A Plan ahead of its time
The Fall 2017 issue of Capital District Data is now available from the Capital District Regional Planning Commission. In celebration of CDRPC’s 50th anniversary, the Fall 2017 issue takes a look back at the first region-wide comprehensive plan, CDRPC’s 1978 Regional Development Plan (RDP) and explores how its policy recommendations are still influential today.
Redevelopment of the Region’s urban neighborhoods was a top priority in the RDP. By 1978, many urban neighborhoods were blighted with vacant properties that made investing challenging. After Attempts at “urban renewal” failed, the Region needed for encouraging investment in these blighted neighborhoods.
The Region has answered with three Land Banks, the Capital Region Land Bank, the Albany County Land Bank, and the Troy Community Land Bank. The goals of the land banks are to clean-up vacant properties and connect them with local buyers. The land banks work from the bottom up to connect residents with opportunities to become property owners and invest back into their communities.This strategy creates a market for the vacant properties that encourages future investment.
All comprehensive plans address issues related to transportation, and the RDP was no different. The Plan called for improvements to transit services by providing more of it, at higher quality, with improved services.
CDTA is providing such improvements as part of their BusPlus network. BusPlus is an enhanced service which currently connects Albany and Schenectady via the #905 Red Line. CDTA has future plans for two additional BusPlus lines. The Purple Line running from downtown Albany, to the UAlbany uptown Campus, and then terminating at Crossgates Mall, and the Blue Line running from downtown Albany to downtown Troy. BusPlus routes make use of service improvements such as traffic signal priority, real time information displays, improved shelters, unique branding, and more. These improvements will cut travel time and increase boardings.
The combined sewer systems that mix waste water with water runoff from rain storms, has long been a challenge that has troubled the Region. Older municipalities like Albany have antiquated sewer systems that allow rain water to mix with waste water. Under normal conditions this does not present a problem as all of the water can be treated. However, heavy rainfall can burden the system. Under these conditions, untreated waste water is released into the Hudson River to prevent a failure at the treatment plants.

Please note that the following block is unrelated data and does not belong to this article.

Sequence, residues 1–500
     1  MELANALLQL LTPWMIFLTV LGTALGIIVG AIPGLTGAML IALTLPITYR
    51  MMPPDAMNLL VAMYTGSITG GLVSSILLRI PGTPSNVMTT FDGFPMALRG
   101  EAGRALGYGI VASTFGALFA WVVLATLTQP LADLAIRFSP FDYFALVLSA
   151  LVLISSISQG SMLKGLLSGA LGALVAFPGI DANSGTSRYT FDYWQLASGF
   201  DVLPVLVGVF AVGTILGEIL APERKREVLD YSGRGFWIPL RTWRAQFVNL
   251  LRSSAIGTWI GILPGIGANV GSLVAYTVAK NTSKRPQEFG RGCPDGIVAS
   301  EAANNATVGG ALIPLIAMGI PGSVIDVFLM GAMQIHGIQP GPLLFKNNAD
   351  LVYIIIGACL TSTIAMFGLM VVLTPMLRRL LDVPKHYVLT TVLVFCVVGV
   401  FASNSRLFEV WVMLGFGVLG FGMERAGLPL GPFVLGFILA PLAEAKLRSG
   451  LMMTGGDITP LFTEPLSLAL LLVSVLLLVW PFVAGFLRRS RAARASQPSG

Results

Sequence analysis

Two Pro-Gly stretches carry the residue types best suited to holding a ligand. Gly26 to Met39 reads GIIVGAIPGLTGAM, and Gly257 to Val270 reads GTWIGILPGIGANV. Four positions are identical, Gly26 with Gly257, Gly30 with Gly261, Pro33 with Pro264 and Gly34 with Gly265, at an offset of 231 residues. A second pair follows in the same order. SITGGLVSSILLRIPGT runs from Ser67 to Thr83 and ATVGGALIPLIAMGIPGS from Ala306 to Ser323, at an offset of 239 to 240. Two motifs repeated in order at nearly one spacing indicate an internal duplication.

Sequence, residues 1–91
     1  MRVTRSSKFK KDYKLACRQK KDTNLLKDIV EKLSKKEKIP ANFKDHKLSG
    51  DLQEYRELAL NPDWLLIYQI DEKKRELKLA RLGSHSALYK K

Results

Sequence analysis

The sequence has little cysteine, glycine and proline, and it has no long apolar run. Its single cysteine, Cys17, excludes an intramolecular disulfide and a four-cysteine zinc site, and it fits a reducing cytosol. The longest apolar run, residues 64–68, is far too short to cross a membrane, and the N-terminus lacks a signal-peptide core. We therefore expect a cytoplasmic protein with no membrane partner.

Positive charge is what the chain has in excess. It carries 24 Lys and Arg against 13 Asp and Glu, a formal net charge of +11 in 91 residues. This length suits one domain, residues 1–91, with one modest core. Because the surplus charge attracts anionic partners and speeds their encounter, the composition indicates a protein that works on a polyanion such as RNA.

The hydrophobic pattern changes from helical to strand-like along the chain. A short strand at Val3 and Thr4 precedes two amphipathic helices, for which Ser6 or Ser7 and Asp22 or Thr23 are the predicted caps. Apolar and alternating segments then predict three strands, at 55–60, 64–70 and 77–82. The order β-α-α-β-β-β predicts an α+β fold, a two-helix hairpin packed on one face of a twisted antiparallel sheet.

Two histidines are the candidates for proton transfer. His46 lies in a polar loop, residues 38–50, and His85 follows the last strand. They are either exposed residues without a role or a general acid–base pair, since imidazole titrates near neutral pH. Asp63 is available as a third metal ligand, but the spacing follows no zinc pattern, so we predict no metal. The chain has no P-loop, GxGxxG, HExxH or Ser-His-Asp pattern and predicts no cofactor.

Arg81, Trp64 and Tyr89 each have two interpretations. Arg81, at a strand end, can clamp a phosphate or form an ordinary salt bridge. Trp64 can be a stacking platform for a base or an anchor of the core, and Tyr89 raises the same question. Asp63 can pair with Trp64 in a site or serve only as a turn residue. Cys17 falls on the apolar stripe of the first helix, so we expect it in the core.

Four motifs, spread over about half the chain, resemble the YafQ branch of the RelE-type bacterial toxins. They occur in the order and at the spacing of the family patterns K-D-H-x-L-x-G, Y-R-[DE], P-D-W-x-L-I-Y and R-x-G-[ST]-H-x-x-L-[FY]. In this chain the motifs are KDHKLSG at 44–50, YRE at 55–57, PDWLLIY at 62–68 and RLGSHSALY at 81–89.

The solution to the problem has come in the form of a Long-Term Control Plan among six communities. The RDP envisioned the inter-municipal nature of the Long-Term Control Plan as a way to share responsibility and burden among all municipalities, therefore reducing the prohibitive cost of improvements.
As part of the Long-Term Control Plan encourages green infrastructure projects across the Region. These projects reduce the amount of rain that enters the system by reducing runoff. These green infrastructure projects will help eliminate thousands of gallons of water from entering the system during heavy rainfall.
By the 1970s, railroads were in decline across the Region. This left miles of rail right-of-ways unused and in disrepair. The RDP was ahead of its time in identifying these and their potential recreational uses.
Albany County’s Helderberg Hudson Rail Trail, and Saratoga County’s Zim Smith Trail, are two examples of new rail trails. These trails will connect residents of the Capital Region to a network of hundreds of miles. The Helderberg Hudson Rail Trail brings the dream of connecting downtown Albany with a dedicated recreational bike/walking path one step closer. This trail connects the Port of Albany to Thatcher State Park. From here, users will have access to a trail network that would eventually connect them to New York City. The Zim Smith Trail connects provides alternative options for commuting between Halfmoon and Ballston Spa. The trail will connect the area with trails leading north to Canada and the Adirondacks.